Pricing Home for SaleThere are many ways to determine how much a home is worth. Appraisers use 3 different theories, and real estate agents us a combination of these methods. Once you have a number that you believe your home is worth, then you have to determine what list price you will choose in order to sell your home in the time that you need. A value is a starting point, but your actual listing price could be higher or lower.

Pricing your home can be quite emotional. A home becomes personal and most home owners not only want to make a profit, but they want to get an additional amount for each improvement they made. The market may not dictate these improvements into actual increased value however. The market also doesn’t care how much you may need to move on. Imagine if you will that you are buying your next home, the house is worth $150,000 but the sellers need $200,000 to buy a new house. What are the chances you will just give them an extra $50,000 because they need it? None. The same is true for your house. Simply put, it is worth what it is worth. Your needs will not be taken into account. Even if you owe more than it is worth. In this case, short sales are often your only choice.

Agents take into account recent sales, typically within 1 mile of your home, that are similar to your house. They then make adjustments based on any differences in your home when compared to the sold homes. For instance, maybe your home doesn’t have a basement while a home that sold recently had one, or you have an extra bedroom or in-ground pool. Some changes mean adding or taking away value based on area averages and desire. A pool could be a positive or a negative, so some changes are more variable than others.

Once your agent has a value they will (or should) explain what price will get the most showings and the best chance of a quick sale. This is mostly a statistical calculation that follows the bell curve. If your house is priced below market value, more people will be interested, simply because everyone likes a deal. If your house is priced above market value, the pool of buyers will be smaller. If it is priced right at market value you will get the normal amount of viewers. Pricing your home below market value may seem like a gamble, and it is. You could only get offers that are less than your home is worth. On the other hand, you could start a bidding war between buyers that know the value of the home, potentially raising your final sales price higher than your home’s actual value.

Price points can also come into play. Internet searches are typically done in price ranges rather than specific prices. For instance, someone can search for homes up to $150,000 or from $150,000 to $200,000 to narrow their search to a realistic number of homes. If your home is priced at $154,000 you will miss those searching only up to $150,000, but if your home is priced at $149,999 you will miss those searching from $150,000 to $200,000. Knowing which price range is best is part of your agents job and will be based on current market stats.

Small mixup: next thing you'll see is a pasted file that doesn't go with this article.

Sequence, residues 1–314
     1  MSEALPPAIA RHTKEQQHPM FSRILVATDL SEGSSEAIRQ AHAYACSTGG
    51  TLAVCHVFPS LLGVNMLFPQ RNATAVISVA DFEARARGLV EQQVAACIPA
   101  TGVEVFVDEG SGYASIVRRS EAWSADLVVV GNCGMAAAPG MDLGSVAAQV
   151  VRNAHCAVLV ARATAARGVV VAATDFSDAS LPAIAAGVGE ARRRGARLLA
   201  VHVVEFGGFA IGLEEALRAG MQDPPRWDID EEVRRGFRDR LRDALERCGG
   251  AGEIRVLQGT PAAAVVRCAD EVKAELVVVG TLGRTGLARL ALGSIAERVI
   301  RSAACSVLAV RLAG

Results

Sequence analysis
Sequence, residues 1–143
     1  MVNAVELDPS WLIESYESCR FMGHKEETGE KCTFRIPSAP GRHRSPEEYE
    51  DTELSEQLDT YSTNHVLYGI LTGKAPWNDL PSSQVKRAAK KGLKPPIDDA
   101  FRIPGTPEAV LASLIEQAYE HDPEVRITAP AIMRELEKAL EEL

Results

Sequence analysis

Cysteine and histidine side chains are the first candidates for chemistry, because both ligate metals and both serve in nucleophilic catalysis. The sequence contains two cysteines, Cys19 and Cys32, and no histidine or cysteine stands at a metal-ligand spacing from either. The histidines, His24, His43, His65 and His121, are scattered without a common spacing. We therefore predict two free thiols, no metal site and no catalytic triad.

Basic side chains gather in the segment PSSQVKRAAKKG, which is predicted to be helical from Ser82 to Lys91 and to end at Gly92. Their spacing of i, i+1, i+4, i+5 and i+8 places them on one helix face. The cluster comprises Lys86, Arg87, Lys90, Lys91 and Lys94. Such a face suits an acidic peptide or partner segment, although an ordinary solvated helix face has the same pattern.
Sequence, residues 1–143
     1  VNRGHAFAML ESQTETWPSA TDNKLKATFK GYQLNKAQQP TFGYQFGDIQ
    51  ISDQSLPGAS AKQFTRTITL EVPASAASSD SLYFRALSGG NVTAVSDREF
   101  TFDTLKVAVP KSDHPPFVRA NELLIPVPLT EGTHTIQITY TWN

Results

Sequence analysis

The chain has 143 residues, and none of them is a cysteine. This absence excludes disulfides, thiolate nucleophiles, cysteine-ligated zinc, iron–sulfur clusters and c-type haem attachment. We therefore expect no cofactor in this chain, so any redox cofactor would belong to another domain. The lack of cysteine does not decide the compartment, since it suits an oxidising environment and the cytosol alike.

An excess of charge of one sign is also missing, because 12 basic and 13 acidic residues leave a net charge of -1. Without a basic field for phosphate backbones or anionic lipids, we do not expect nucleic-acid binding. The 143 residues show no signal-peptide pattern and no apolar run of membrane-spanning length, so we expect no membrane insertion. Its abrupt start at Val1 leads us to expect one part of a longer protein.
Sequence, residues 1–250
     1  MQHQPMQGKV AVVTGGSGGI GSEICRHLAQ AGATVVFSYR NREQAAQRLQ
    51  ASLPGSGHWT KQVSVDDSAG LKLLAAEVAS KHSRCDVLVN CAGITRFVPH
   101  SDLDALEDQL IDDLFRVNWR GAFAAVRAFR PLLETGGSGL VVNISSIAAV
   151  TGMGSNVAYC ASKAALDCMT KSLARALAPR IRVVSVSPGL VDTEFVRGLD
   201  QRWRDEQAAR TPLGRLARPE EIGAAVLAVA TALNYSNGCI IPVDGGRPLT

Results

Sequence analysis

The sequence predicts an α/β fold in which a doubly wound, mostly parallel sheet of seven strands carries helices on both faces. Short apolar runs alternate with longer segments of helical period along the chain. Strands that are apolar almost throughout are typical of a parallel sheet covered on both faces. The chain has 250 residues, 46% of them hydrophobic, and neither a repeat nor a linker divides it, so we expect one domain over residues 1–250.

The biggest thing to know about pricing your home is that the market changes quickly and you need to be ahead of it, not making changes reacting to problems after they happen. This can be difficult but a good agent will prepare you for changes before they ever occur. New houses that go on the market, houses that go under contract, responses from viewings and other agents, and lots of viewings with no offer can all lead to suggested price changes. A good agent will make sure you know that they will be making price change suggestions if specific metrics are not met.

Some agents are afraid to make price change suggestions, or even tell you the true value of your home. These agents come in and ask you what you want for your house and agree to list it at that price just to get the listing. For them it is a numbers game, enough listings and they will definitely make a sale. I often hear from clients that had their house on the market for awhile with another agent with no results.  Typically they heard several values from different agents and they went with the agent that said it was worth the most. After the house sat on the market for 6 months with no viewings or offers they finally realized maybe there was an issue. When you are interviewing agents be open to what they are suggesting as a price, even if it is less than you think or need. The first 3 weeks of being on the market is when you get the most viewings, so if your home is priced too high, you will be playing catch up throughout the listing period and these homes often end up selling for under market value simple because buyers believe there is something wrong with it since it has been on the market for so long.

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